ellen loves mack
Here's what Ellen DeGeneres had to say about Houston's Mattress Mack after the winter storm efforts
One of Houston’s most feel-good stories of Winter Storm Uri received some feel-good recognition on national TV. Ellen Degeneres invited Jim “Mattress Mack” McIngvale on her wildly populaar Ellen show on February 24 to honor the beloved furniture purveyor for his work in warmly aiding hundreds of Houstonians during the worst of the storm.
Through his two locations, McIngvale was able to shelter some 700 locals and provide 4,000 meals.
“He is the definition of an American hero,” DeGeneres announced in her introduction of McIngvale, who appeared virtually, also adding that he’s “awesome,” and a “great guy.”
In describing the catastrophic events and his immediate response, McIngvale noted that he “woke up to snow and ice everywhere” on Monday, February 15 and quickly called Mayor Sylvester Turner for permission to open his stores as storm shelters. Turner advised McIngvale to wait until roads were safer; Mack opened the shelters on Tuesday, February 16.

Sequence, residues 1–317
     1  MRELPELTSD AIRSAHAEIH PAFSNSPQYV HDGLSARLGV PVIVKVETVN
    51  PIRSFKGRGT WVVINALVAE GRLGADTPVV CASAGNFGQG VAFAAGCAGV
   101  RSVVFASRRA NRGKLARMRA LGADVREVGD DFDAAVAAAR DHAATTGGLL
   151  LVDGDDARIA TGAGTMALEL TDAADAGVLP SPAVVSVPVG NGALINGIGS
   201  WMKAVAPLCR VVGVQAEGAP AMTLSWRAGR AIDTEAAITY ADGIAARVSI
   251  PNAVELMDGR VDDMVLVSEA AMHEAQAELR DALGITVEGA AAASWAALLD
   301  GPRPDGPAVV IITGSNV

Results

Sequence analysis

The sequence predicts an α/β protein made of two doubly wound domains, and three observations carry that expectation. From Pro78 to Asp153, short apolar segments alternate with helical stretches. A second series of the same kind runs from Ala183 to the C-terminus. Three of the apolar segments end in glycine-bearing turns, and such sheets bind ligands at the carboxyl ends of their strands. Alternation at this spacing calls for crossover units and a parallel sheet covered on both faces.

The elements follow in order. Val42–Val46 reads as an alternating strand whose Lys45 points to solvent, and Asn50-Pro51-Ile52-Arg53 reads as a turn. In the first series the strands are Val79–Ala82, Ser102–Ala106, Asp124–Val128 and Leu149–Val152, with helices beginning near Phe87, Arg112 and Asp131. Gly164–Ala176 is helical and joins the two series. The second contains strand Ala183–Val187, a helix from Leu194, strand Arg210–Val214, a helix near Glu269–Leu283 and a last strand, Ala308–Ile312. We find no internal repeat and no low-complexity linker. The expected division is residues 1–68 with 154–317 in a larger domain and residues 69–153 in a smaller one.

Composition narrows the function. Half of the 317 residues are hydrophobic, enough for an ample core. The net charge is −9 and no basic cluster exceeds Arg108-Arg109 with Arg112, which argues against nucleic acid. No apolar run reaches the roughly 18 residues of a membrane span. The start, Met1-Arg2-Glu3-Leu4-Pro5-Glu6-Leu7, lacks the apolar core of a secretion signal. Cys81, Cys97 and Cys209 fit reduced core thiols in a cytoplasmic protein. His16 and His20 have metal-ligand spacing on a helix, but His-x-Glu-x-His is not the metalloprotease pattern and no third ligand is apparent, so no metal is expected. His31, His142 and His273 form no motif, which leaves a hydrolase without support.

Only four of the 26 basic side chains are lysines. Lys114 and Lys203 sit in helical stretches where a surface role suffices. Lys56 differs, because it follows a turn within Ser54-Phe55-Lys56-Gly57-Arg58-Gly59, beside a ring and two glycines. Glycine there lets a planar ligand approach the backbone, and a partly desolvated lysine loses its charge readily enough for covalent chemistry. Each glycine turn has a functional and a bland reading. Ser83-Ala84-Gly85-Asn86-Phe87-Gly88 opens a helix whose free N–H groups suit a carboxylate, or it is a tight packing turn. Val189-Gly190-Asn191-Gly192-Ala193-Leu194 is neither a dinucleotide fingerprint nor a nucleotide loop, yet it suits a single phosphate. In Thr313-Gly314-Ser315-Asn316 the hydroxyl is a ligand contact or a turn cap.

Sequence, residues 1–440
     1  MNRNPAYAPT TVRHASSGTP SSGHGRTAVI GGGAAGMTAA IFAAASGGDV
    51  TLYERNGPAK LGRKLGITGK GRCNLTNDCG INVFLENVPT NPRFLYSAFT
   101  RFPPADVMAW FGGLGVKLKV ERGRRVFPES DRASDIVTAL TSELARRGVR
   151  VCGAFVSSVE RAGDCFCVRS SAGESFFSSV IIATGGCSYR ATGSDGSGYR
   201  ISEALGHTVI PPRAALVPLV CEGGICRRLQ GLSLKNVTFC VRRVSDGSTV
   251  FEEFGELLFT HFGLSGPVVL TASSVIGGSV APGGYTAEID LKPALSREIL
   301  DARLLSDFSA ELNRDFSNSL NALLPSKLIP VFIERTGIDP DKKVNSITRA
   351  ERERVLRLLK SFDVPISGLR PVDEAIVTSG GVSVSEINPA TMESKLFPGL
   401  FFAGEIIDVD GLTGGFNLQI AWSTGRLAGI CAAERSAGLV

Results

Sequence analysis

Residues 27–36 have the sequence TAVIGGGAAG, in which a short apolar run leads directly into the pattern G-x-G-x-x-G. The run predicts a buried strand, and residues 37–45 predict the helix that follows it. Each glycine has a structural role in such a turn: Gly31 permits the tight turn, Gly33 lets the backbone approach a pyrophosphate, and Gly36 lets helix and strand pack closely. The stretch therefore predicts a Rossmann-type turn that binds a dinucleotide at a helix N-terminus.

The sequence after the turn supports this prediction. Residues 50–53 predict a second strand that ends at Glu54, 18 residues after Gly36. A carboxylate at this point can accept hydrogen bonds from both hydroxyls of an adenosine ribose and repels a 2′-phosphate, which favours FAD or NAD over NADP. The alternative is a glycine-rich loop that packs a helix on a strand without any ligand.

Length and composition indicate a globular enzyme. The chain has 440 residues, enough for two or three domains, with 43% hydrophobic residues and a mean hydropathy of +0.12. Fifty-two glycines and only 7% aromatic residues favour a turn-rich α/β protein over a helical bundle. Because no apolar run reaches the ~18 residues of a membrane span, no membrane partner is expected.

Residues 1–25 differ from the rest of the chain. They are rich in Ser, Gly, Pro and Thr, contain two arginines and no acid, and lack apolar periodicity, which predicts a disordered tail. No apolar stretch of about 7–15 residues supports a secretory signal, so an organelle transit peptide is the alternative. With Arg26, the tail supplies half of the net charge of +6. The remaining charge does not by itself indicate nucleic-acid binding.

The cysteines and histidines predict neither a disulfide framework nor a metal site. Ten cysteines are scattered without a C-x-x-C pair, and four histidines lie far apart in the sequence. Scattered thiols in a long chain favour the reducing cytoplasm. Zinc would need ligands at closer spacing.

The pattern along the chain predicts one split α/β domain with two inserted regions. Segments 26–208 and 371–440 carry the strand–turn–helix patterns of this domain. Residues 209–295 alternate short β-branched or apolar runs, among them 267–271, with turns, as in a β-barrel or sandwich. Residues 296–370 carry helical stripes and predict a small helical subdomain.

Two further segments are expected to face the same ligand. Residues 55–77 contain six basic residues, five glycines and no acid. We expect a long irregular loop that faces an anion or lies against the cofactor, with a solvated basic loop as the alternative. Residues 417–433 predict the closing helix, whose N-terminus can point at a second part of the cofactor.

When asked by DeGeneres why relief and aid is so important to him, McIngvale responded that his parents raised him with the idea that “the essence of living is giving” and added that he always wants to serve the community in a crisis and be the “first” to act. “It’s our responsibility to step up and take a leading position in the community,” he added, then cut off by a round of audience applause.
McIngvale noted that he and his stores are still working: a recent food disbursement line with Houston food Bank was “three to four miles long,” and that the crisis “just started.”
DeGeneres agreed, then announced that Shutterfly donated $20,000 to McIngvale’s GoFundMe effort. She unveiled a ubiquitous big check, which was met by applause by the audience and McIngvale.
This isn’t the first time McIngvale has been nationally lauded for his Houston-area help. In 2017, locals will recall that McIngvale opened his stores to thousands of Hurricane Harvey victims, even directing his staff to pick up stranded residents at their cars or homes.